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How to Make it as an Actor: Forbes Top 10


Every year, Forbes Magazine releases series of lists ranking moguls on income, popularity, and achievements. Here at MovieNomics, the Forbes List Highest Paid Actors caught our eye.

The Average-Joe probably thinks it’s unfair that celebrities get paid as much as they do get paid. A celebrity’s clout can drive a deal to the most insane of contracts: income of tens-of-millions for a single movie role, long term negotiations for sequels to come, and rights of power to call the shots if that celebrity wants things his or her way. So in the spirit of analysis, we wanted to take that list and see how money is deserved. This post will deal with our male celebrities who made the Forbes list, with our female celebrity analysis, How to Make it as an Actress: Forbes Top 10, to come at a future date.

First, we’ll break down the details. Data was collected based on the Top 10 Paid Actors to identify income collected and movie roles between June 2012 and June 2013. Next, IMDB StarMeter was taken into account because this number is based on “demand:” the more an actor is in demand, the higher the ranking (well, more like the lower since highest ranking is 1). Furthermore, Forbes continues to provide lists of data by listing celebrity clout. The rankings of Press, Marketability, and Social are based on appearances in tabloids, desirability to marketers, and social network strength, respectively.
Forbes Methodology

The following is the data, ranked by the celebrities’ income:

Actor

2012 Income ($Millions)

Average Income per Movie

IMDB StarMeter

Number of 2012 Films (Jun’12 – Jun’13)

Press Rank

Marketability Rank

Social Rank

Robert Downey Jr.

75

37.5

70

2

54

4

68

Channing Tatum

60

10.0

29

6

41

36

40

Hugh Jackman

55

13.8

11

4

27

14

32

Mark Wahlberg

52

13.0

106

4

48

4

53

Dwayne Johnosn

46

11.5

93

4

49

4

27

Leonardo DiCaprio

39

19.5

41

2

24

4

35

Adam Sandler

37

18.5

102

2

57

4

13

Tom Cruise

35

35.0

49

1

3

56

9

Denzel Washington

33

33.0

202

1

N/A N/A N/A
Liam Neeson

32

10.7

382

3

N/A N/A N/A

Sources: IMDB Pro, Forbes

So, as previously mentioned, I asked myself, “How this money is deserved… is money based on their IMDB StarMeter? Number of films that celebrity acted in throughout the year? Or maybe their Marketability, Press, or Social rank?” My findings are based on regression analysis, a form a statistics that seeks to find the strength of a relationship between variables. Formals on charts with “R2=” represent the strength of the relationship; the closer to 1, the stronger the relationship. Trend-lines formed in-between scatter points represent the goodness-of-fit. This line tracks a relationship in terms of the variables.The following was found:

Income to IMDB Ranking

income to imdbThe trend-line shows that a positive relation exists among Star ranking and Income. Note that rankings place “1” at the highest value. However, the R2 of .25 of the trend-line shows that there is great variability among the points, and therefore,  a strong relationship does not exists between the stars’ IMDB ratings and their yearly income.

Income to Number of Films

income to # films

Again, the trend-line shows that a positive relationship exists in income to the number of films. However, outliers skew the strength of the relationship to R2 = .21 ; an even weaker relationship than that of income to star meter.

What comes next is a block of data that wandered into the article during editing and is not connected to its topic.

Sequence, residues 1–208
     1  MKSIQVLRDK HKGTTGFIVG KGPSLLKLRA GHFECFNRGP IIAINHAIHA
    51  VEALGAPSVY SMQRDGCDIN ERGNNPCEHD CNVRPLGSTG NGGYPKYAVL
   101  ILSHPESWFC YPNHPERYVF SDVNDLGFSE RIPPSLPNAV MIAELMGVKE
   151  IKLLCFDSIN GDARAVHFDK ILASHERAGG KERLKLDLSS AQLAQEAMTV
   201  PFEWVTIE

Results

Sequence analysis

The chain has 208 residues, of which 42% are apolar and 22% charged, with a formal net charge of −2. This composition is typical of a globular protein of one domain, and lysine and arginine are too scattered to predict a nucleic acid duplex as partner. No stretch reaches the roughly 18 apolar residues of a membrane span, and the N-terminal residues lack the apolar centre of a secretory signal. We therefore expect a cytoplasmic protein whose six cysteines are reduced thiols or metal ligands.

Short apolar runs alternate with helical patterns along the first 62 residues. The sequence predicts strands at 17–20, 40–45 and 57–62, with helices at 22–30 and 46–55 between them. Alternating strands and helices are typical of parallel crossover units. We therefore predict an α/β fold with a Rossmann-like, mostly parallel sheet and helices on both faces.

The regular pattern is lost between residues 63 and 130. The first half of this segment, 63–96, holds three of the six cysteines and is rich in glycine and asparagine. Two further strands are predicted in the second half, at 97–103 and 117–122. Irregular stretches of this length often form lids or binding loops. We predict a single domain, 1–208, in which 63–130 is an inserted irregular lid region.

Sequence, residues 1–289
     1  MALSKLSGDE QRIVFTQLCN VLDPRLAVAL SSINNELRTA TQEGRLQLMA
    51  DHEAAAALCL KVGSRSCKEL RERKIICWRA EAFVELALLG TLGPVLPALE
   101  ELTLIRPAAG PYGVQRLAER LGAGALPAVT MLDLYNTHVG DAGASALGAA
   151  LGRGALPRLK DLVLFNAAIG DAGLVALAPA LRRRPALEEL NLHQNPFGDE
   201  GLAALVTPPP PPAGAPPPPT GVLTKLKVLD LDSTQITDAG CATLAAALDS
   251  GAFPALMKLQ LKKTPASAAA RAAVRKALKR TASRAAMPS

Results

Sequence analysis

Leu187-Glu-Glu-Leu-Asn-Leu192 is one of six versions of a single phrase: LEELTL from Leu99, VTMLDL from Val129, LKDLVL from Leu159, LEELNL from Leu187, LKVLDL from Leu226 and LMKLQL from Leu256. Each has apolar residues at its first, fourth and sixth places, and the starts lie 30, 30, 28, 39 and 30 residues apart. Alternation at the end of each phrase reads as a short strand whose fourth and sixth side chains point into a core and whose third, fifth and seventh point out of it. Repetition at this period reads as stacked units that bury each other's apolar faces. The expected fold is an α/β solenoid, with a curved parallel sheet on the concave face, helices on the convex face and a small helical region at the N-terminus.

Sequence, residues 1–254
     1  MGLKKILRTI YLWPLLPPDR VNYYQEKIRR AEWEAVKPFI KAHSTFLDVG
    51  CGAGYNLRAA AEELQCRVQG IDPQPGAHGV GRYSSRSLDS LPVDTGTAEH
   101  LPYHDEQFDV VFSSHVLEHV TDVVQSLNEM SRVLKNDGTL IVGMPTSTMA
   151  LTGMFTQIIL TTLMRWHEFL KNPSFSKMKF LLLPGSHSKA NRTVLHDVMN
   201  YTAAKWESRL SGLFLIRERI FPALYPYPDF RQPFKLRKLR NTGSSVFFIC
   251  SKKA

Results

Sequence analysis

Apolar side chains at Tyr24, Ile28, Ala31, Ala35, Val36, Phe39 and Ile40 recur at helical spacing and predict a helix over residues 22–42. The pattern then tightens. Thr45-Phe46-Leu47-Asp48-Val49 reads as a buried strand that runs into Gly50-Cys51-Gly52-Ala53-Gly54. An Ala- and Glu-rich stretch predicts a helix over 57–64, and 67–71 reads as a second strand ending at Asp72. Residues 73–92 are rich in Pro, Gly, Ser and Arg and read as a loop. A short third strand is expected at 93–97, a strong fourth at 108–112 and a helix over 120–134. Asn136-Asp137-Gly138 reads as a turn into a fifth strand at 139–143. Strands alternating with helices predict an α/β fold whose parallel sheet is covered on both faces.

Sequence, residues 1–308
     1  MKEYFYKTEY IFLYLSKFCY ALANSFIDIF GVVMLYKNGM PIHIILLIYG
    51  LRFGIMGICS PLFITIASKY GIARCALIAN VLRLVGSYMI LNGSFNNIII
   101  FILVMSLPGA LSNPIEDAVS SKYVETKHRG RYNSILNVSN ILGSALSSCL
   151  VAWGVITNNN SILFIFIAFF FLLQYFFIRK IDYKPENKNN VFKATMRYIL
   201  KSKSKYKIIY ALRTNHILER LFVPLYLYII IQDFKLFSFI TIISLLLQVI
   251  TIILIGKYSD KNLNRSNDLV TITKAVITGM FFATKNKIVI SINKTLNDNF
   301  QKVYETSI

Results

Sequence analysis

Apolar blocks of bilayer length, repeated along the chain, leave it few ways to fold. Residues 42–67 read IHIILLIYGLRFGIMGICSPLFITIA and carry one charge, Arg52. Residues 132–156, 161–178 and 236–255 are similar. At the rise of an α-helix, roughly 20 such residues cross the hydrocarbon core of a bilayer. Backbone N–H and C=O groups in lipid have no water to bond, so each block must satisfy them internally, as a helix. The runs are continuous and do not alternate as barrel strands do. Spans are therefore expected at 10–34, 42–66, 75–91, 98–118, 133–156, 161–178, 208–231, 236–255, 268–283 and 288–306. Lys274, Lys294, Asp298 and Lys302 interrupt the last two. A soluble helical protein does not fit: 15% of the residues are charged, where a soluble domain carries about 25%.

Income to Press Appearances

income to press

This, interestingly enough, shows a negative relationship in the relationship of press presence and income. Press, shown at ranking with “1” as the highest, represents how many times that celebrity has appeared in tabloids during the year. However, the strength of this relationship is moderately high at R2= .41.

Income to Marketability

income to marketability

Again, the lower the marketability number, the higher that celebrity is ranked for his appeal to marketers. This regression shows that there is absolutely no relationship in the two variables: the trend-line shows almost no slope and R2 is the weakest of all regression analyses. What does this mean? A relationship cannot be validated, although one would think that the higher the appeal to marketers, the higher that celebrity would get paid. The presence of outliers may again skew the data.

Income to Social Power

income to social

 

Another interesting find shows that higher income is not determined by social clout. Here, higher social network ranked celebrities earned the lower levels of income. The is further strengthen by the R2 rate of .81, the highest strength between all variable sets. Whereas social media engagement is a two-way road that involved exchange, this concludes that highest paid celebrities lack the power of social engagement.

Conclusion

Although the relationship between income and IMDB StarMeter ran fairly week at .25, I think this trend-line speaks the loudest to my question of “What drives income?” Here, we see that the higher the IMDB score, the more that celebrity is paid. Although some outliers may result in a low R2 relationship, we need to remember that these are the top 10 highest paid actors and data does not represent the total data set that could include 500 celebrities. IMDB scores are also accurate to measure the demand for an actor, meaning that the highest of rankings can pull an audience just with their name. This, in itself, is worthy to pay an actor an average of $37.5 million per film (see Robert Downey Jr. above).

 

Add to the list of variables! What other factors do you think have a strong relationship to how much an actor is paid?

 

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